It has been my contention that out of the coming economic chaos, innovative strategies would emerge that would allow us to build a sustainable new kind of localized economic infrastructure, more appropriate for a world of $6 gas. Meet Tim Fuller, one of the managers of Erehwon Farm, one of 1500 experiments in Community Supported Agriculture that have emerged in the last three years. It is a variation on the old notion of Cooperative Farming.
The shareholders of Erehwon Farm have open access to the land and a guaranteed percentage of the season’s harvest of fruit and vegetables for packages that range from about $300 to $900. Arrangements of fresh-cut blossoms twice a month can be included for an extra $120 — or for the deluxe package, $220 will “feed the soul” with weekly bouquets of lilies and sunflowers and other local blooms. Shareholders are not required to work the fields, but they can if they want, and many do.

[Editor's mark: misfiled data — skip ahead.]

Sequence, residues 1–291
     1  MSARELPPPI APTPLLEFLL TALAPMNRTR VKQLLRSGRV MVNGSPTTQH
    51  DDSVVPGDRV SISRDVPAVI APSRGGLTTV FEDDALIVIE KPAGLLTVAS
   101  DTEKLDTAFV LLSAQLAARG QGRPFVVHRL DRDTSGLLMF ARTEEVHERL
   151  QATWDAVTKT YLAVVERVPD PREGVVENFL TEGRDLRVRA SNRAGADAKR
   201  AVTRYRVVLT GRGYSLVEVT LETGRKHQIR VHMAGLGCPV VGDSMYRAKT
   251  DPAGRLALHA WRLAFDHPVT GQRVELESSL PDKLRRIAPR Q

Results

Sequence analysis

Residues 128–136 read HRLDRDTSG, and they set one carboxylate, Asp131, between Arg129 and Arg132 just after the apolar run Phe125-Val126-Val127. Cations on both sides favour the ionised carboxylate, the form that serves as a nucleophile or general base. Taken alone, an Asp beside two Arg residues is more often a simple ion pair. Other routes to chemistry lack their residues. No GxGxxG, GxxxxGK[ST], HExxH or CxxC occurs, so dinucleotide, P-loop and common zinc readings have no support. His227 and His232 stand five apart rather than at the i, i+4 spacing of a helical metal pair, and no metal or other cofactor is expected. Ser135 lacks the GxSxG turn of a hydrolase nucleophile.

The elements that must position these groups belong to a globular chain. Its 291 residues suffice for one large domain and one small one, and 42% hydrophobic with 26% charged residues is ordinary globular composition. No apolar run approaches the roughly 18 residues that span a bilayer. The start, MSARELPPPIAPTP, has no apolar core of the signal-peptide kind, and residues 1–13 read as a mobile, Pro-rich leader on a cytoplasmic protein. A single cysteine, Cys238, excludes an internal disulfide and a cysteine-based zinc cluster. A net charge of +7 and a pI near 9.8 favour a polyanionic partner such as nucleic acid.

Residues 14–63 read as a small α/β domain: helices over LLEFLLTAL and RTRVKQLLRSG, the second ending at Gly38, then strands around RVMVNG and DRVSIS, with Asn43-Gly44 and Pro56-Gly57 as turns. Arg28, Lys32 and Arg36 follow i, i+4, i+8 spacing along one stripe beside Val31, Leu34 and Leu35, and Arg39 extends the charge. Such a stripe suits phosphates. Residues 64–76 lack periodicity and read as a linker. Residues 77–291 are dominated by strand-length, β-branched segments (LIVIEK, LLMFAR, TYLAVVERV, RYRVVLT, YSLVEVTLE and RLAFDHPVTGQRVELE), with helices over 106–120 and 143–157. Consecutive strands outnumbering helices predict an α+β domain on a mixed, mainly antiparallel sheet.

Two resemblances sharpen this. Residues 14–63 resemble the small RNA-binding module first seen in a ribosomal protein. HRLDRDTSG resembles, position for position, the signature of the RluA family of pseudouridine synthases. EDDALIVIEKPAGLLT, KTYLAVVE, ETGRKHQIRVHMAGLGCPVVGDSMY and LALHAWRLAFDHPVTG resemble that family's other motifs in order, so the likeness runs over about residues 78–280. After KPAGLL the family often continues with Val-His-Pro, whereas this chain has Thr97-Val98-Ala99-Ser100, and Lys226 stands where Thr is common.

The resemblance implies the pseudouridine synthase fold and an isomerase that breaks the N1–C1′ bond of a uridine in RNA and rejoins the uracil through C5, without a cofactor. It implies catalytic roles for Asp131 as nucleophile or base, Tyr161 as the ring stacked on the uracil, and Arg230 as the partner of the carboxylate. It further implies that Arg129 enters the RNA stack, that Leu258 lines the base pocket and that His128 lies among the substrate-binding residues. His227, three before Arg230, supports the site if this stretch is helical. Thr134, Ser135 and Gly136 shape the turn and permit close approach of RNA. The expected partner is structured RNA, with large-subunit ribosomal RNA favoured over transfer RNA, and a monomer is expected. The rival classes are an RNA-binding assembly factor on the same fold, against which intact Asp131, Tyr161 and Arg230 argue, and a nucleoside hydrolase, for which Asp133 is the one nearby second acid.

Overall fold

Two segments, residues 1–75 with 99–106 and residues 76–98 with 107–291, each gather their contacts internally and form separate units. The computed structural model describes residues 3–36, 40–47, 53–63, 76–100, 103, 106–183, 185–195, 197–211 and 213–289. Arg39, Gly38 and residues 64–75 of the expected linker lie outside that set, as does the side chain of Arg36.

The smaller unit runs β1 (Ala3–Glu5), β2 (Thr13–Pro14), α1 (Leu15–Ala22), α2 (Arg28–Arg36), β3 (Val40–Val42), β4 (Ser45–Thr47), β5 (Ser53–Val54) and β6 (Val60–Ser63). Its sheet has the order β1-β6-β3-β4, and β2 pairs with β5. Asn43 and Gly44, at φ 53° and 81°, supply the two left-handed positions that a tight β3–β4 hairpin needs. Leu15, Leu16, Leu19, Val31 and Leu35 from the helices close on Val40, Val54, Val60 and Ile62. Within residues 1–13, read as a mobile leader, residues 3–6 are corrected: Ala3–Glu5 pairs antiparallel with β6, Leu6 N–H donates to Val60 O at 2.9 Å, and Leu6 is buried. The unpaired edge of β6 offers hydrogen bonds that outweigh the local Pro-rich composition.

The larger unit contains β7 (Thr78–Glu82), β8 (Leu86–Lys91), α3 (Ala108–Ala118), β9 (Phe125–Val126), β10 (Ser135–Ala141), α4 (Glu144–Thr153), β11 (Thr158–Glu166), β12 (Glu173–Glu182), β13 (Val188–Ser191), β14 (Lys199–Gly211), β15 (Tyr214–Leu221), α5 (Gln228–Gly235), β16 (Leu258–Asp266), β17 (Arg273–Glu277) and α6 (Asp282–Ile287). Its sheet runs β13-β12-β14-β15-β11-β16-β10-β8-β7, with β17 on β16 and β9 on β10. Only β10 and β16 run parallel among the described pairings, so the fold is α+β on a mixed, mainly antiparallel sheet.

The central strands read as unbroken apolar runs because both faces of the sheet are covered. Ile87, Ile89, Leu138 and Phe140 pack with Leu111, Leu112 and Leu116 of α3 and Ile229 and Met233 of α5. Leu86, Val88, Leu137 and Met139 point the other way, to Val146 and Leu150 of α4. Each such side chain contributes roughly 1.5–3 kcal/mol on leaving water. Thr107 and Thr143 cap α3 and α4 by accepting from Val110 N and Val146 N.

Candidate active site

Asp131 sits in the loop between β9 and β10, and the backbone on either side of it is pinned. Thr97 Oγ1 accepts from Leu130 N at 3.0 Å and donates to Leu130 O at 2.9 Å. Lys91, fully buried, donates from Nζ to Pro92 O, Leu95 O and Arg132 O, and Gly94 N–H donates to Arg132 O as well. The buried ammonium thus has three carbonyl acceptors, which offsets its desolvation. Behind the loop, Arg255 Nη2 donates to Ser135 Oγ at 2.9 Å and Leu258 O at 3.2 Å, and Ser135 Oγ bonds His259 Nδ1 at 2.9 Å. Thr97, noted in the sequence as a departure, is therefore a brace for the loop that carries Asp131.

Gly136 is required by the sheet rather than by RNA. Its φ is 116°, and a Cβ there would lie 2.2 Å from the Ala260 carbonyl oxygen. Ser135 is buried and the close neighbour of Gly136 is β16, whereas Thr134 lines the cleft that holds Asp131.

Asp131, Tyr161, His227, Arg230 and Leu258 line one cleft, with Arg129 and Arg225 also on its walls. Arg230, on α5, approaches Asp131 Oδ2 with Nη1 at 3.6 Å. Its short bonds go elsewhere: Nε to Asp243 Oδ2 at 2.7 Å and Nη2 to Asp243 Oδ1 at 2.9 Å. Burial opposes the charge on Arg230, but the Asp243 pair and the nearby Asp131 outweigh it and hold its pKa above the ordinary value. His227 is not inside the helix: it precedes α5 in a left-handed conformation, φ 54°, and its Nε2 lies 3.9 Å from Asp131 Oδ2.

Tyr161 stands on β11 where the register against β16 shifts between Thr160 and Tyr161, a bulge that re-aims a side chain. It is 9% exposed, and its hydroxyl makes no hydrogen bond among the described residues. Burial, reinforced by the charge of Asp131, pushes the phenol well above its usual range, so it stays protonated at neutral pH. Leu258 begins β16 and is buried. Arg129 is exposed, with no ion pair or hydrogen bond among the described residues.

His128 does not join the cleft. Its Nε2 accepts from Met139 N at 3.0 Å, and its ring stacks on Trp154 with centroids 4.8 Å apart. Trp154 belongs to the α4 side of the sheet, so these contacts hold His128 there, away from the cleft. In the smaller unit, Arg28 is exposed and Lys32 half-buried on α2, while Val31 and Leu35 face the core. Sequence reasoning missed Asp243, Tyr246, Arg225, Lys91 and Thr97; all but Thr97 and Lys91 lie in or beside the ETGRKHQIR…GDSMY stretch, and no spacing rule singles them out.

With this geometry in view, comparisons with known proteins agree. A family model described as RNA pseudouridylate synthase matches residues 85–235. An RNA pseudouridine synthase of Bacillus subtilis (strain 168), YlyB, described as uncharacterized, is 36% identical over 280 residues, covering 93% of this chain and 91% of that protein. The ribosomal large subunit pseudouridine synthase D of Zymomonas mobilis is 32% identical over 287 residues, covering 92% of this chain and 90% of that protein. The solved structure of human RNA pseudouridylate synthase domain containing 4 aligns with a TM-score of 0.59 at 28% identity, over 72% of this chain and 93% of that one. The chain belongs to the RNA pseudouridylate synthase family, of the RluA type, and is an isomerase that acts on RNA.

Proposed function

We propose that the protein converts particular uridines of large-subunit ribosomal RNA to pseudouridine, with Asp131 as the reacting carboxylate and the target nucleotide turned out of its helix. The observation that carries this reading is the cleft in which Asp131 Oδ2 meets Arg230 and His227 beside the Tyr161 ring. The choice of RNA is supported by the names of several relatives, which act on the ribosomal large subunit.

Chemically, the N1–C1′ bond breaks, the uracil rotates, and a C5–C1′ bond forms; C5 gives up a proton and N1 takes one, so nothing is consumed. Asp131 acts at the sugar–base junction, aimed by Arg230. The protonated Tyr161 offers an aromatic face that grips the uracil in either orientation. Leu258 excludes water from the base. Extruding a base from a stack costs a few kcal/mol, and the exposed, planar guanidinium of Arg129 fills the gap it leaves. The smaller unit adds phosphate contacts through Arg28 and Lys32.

As gas prices rise, the whole industrial agriculture system, unique to this country, will have to change. The notion of importing fresh blueberries by air from Peru will begin to be cost prohibitive. The salmonella outbreaks from giant industrial farms in the Imperial Valley that sit next to cattle feed lot cesspools will become less attractive. What Community Supported Agriculture does is allow the local organic farmer to plan his season and run a sustainable local business, supported by local customers.
It is the essence of The New Federalism.